(3) a working out of (1) and (2) through two pathways:

(3.1) formal liturgies more or less as in NZPB but a paring back to just four eucharistic services; with renewed clarity given about not substituting eucharistic prayers, nor chopping nor changing them either!

(3.2) informal liturgies provided for through guidelines which clarify the flexibility and freedom permitted alongside rubrics spelling our the minimal requirements for all such services to conform to 'authorised forms': e.g. each such service must include the collect for the day, confession/absolution, two readings (one of which must be the gospel), the Lord's Prayer, intercessions, and (if a communion service), one of the authorised eucharistic prayers, blessing and dismissal.

How hard could that be?

*It could be argued that the Template does this but I would counter-argue that the examples provided with the Template are worded in traditional liturgical language and are not geared in words, tone, or detail for the actual practice of many congregations.


liturgy said...


You make no mention of "An Alternative Form for Ordering the Eucharist", a formulary of our church which permits the use here of any Eucharistic Prayer authorised anywhere in the Anglican Communion whether our province would actually agree with it or not should it be presented to our General Synod.

I am not convinced that your division into "formal" and "informal" is the helpful way forward. I can see no problem, for example, with involving people in a cafe-church by using (teaching,...) our regular responses.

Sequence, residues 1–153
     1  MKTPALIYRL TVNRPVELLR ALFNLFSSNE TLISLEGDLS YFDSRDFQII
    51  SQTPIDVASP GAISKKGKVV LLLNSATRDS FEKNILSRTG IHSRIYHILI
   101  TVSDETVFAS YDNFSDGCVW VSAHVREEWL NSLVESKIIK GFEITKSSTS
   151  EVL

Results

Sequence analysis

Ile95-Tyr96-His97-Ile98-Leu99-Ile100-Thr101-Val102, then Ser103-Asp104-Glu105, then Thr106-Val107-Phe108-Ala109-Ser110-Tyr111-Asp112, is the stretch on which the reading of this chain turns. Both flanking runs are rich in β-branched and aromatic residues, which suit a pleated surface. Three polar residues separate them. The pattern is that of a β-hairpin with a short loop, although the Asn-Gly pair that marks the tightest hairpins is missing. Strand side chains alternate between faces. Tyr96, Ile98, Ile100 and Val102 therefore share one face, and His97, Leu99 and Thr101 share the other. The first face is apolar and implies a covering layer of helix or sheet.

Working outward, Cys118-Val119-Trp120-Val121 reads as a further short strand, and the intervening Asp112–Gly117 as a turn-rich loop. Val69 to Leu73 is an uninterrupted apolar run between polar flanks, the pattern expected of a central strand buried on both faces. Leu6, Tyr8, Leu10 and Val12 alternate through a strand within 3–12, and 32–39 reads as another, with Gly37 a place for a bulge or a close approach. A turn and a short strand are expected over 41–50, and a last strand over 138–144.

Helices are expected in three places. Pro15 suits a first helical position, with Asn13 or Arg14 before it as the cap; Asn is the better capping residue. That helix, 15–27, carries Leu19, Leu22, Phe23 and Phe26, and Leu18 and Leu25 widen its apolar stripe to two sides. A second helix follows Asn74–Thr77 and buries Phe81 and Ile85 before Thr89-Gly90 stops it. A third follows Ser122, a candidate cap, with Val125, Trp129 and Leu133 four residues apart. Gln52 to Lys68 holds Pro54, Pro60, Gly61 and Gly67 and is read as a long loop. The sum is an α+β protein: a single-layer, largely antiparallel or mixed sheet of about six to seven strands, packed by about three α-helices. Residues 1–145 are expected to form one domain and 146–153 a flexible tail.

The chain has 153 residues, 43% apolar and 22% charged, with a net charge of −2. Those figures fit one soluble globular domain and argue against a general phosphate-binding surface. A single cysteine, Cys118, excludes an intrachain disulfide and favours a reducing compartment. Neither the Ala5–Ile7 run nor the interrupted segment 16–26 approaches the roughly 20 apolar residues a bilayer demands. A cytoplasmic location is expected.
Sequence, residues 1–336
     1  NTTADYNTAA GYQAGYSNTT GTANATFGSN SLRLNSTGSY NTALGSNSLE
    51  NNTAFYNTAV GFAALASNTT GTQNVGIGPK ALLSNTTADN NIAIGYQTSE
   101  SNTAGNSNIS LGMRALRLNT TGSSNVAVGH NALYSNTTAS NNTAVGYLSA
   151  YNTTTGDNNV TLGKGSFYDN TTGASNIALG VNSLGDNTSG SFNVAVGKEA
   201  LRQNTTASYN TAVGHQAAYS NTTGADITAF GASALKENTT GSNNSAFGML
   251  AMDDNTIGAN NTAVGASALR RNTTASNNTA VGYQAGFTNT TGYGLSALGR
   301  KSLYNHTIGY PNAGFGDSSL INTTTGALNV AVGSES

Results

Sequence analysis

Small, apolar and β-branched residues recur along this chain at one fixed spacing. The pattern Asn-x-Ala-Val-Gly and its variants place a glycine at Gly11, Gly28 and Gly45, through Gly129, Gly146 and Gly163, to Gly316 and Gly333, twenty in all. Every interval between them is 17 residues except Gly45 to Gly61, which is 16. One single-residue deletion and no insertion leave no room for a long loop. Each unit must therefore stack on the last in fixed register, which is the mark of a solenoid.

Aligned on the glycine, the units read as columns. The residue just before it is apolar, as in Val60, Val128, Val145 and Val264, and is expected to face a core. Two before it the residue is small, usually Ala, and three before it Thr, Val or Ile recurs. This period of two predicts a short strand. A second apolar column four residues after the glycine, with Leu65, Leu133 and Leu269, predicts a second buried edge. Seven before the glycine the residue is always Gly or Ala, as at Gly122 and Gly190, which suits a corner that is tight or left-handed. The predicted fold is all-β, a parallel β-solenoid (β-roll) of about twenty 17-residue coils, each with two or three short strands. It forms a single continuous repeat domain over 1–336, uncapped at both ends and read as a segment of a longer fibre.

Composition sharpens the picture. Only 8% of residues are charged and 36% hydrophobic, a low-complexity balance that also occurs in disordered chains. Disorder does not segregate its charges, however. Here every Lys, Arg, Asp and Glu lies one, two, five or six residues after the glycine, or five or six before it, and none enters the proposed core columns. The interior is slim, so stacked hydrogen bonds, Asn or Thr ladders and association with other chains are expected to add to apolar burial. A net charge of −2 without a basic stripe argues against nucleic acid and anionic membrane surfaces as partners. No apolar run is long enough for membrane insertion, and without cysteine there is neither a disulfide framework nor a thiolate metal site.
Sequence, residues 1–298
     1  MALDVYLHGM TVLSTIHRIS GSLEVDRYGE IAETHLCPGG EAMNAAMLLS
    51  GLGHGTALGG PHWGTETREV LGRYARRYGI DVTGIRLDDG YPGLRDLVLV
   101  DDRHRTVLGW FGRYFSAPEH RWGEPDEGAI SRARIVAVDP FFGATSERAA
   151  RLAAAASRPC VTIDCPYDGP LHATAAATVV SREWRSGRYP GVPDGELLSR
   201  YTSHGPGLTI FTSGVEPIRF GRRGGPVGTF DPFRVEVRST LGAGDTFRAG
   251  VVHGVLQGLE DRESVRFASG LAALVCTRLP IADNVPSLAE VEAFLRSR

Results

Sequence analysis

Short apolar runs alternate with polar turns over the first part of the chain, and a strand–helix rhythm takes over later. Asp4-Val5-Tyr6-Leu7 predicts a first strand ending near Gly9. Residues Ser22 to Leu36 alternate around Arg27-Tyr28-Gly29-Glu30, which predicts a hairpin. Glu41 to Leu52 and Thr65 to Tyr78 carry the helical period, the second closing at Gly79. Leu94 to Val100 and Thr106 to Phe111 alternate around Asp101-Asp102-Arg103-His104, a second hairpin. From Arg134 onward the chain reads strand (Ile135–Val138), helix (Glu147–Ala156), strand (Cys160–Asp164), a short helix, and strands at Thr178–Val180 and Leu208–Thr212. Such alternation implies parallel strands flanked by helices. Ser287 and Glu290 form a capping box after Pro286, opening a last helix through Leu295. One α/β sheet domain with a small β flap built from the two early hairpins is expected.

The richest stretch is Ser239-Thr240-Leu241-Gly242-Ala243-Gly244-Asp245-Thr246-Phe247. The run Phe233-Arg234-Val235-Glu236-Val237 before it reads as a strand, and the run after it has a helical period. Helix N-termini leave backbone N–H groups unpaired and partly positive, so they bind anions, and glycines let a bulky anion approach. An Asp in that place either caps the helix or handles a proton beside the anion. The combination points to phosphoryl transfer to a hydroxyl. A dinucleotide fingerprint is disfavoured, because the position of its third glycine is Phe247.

Peter Carrell said...

Hi Bosco
Would 'An Alternative Form for ordering the Eucharist' be one of those things not in the prayer book AND not readily available through our church's website ...?

liturgy said...

Yes, Peter,
I'm not sure how General Synod etc. thinks that people (including the clergy as leaders in our church) are expected to keep up to date with such developments. I purchase the GS proceedings, but I have to put in a special order & don't imagine all clergy do?

Of course, the Alternative Form for Ordering the Eucharist, as a formulary, went to every diocesan synod. But not all clergy are at all synods. And occasionally we even get new clergy :-)

Do you understand how GS & our bishops think that such information gets to the church beyond them?


Peter Carrell said...

OK I will hunt out my 1998 proceedings (I think that's the one) ... I was there, as I recall!
The church is full of mysteries ... should we be the revealers of these pearls of hidden wisdom or leave it to others?

liturgy said...

It is much more recent than that, Peter. All can be found here:

You will notice that Christchurch did not assent ;-) but it is still binding on us now.

You also did not mention the eight new alternative Great Thanksgiving prayers recently "authorised" by IDC


Peter Carrell said...

Thanks for the pointers, Bosco
Will post the links in the body of the post.